15. A flat reed (fits, fit) into the back of the mouthpiece.
16. These reeds (comes, come) from cane plants.
17. The clarinet player (blows, blow) air into the mouthpiece.
18. The air (makes, make) the reed vibrate.
19. The vibrations (creates, create) sound.
20. A player (controls, control) the sound with keys on the clarinet’s tube.
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USAGE
(1) Singular subjects take singular verbs.
EXAMPLE She plays softball every weekend.
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Subject and Verb Agreement B
15b. A verb should agree in number with its subject.
USAGE
(1) Singular subjects take singular verbs.
EXAMPLE He rides his bicycle in the park.
(2) Plural subjects take plural verbs.
EXAMPLE We collect newspapers for the paper drive.
If a sentence has a verb phrase, the first helping verb in the phrase agrees with the subject.
EXAMPLES Janet has played clarinet for three years.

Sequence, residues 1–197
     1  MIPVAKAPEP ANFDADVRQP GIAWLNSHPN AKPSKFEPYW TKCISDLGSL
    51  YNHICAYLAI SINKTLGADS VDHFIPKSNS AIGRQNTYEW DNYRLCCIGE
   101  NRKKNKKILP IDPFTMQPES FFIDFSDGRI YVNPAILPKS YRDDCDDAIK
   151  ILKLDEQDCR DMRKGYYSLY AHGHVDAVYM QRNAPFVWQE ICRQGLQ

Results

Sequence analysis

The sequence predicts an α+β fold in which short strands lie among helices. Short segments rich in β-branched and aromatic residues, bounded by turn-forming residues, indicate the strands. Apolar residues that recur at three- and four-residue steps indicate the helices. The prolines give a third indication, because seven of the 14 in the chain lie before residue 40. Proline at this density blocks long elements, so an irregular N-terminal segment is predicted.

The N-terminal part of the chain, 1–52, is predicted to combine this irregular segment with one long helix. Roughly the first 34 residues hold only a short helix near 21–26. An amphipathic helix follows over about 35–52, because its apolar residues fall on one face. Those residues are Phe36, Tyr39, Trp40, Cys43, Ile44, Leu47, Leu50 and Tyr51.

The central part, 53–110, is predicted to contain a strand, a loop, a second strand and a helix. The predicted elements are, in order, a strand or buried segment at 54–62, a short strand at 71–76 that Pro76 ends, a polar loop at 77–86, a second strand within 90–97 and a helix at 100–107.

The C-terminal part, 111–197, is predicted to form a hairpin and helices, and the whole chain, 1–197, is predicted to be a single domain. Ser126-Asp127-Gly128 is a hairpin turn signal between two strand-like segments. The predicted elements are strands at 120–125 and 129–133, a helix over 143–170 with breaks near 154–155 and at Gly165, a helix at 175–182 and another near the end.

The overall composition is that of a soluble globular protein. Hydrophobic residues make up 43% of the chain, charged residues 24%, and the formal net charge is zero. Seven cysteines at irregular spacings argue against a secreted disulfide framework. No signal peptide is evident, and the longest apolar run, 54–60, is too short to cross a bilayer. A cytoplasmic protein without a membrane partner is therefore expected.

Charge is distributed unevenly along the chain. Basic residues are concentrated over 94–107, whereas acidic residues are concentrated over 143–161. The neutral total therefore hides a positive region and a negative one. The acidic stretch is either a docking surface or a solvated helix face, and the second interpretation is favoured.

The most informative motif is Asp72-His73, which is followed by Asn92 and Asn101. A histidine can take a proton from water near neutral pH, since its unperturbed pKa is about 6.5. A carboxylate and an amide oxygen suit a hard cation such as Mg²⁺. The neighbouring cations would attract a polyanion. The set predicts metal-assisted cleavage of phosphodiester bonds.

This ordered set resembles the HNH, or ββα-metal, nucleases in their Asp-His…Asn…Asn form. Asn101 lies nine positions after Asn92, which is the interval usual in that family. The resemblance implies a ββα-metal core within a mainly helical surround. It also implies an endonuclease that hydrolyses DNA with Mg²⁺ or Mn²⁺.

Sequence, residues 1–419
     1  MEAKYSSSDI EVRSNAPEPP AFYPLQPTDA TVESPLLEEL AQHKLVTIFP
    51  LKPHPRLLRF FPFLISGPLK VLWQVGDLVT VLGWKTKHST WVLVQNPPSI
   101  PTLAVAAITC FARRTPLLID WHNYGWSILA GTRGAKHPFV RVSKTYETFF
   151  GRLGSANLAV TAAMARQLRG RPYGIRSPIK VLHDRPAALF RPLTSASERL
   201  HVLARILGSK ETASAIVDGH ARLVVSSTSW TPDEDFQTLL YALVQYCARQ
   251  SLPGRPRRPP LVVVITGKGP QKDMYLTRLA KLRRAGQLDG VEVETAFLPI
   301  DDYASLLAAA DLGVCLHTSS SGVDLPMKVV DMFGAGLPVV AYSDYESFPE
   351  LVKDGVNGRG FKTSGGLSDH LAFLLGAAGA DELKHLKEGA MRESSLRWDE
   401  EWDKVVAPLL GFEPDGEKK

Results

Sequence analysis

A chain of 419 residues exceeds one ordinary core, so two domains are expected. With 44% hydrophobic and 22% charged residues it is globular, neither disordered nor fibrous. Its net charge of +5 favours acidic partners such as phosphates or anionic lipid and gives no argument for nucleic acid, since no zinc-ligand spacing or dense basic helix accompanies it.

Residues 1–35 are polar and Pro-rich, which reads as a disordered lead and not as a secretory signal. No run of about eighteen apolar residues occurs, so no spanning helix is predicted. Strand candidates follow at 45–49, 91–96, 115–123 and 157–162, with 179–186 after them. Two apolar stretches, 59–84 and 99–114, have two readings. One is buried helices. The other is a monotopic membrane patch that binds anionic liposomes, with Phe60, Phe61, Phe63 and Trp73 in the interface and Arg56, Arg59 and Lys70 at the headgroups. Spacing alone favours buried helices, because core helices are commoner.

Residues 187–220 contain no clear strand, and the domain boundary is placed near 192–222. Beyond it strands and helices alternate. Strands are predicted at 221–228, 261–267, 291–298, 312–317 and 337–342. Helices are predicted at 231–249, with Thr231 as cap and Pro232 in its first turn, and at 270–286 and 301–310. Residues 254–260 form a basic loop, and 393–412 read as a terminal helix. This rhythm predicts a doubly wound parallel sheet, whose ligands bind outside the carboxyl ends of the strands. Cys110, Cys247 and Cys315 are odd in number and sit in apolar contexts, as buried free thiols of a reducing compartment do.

The ducks are flying south.
EXERCISE A Each of the following sentences contains two verb forms in parentheses. For each sentence,
underline the verb form that agrees with the subject.
Example [1] Maria (loves, love) her new bicycle.
[1] Maria (rides, ride) her bicycle almost every day. [2] She (knows, know) how to take care of
her bike. [3] Maria (oils, oil) the chain whenever it gets wet. [4] She (pumps, pump) up the tires
once a week. [5] Sometimes the brakes (wears, wear) down. [6] Her brothers (knows, know) how to
adjust the brakes. [7] Maria (has, have) a new helmet, too. [8] At night, she (uses, use) a headlight.
[9] Reflectors (makes, make) her more visible to motorists. [10] Maria (enjoys, enjoy) riding her bicycle safely.
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EXERCISE B Each of the following sentences contains two verb forms in parentheses. For each sentence,